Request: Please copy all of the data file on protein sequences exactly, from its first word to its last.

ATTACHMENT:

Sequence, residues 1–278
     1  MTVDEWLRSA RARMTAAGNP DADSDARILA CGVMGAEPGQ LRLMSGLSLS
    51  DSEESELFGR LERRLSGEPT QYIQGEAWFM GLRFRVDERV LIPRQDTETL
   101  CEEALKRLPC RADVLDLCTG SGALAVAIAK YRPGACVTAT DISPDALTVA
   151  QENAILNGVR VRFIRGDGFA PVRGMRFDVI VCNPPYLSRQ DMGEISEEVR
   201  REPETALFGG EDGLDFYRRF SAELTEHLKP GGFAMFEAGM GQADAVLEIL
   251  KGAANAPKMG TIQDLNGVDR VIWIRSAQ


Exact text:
Sequence, residues 1–278
     1  MTVDEWLRSA RARMTAAGNP DADSDARILA CGVMGAEPGQ LRLMSGLSLS
    51  DSEESELFGR LERRLSGEPT QYIQGEAWFM GLRFRVDERV LIPRQDTETL
   101  CEEALKRLPC RADVLDLCTG SGALAVAIAK YRPGACVTAT DISPDALTVA
   151  QENAILNGVR VRFIRGDGFA PVRGMRFDVI VCNPPYLSRQ DMGEISEEVR
   201  REPETALFGG EDGLDFYRRF SAELTEHLKP GGFAMFEAGM GQADAVLEIL
   251  KGAANAPKMG TIQDLNGVDR VIWIRSAQ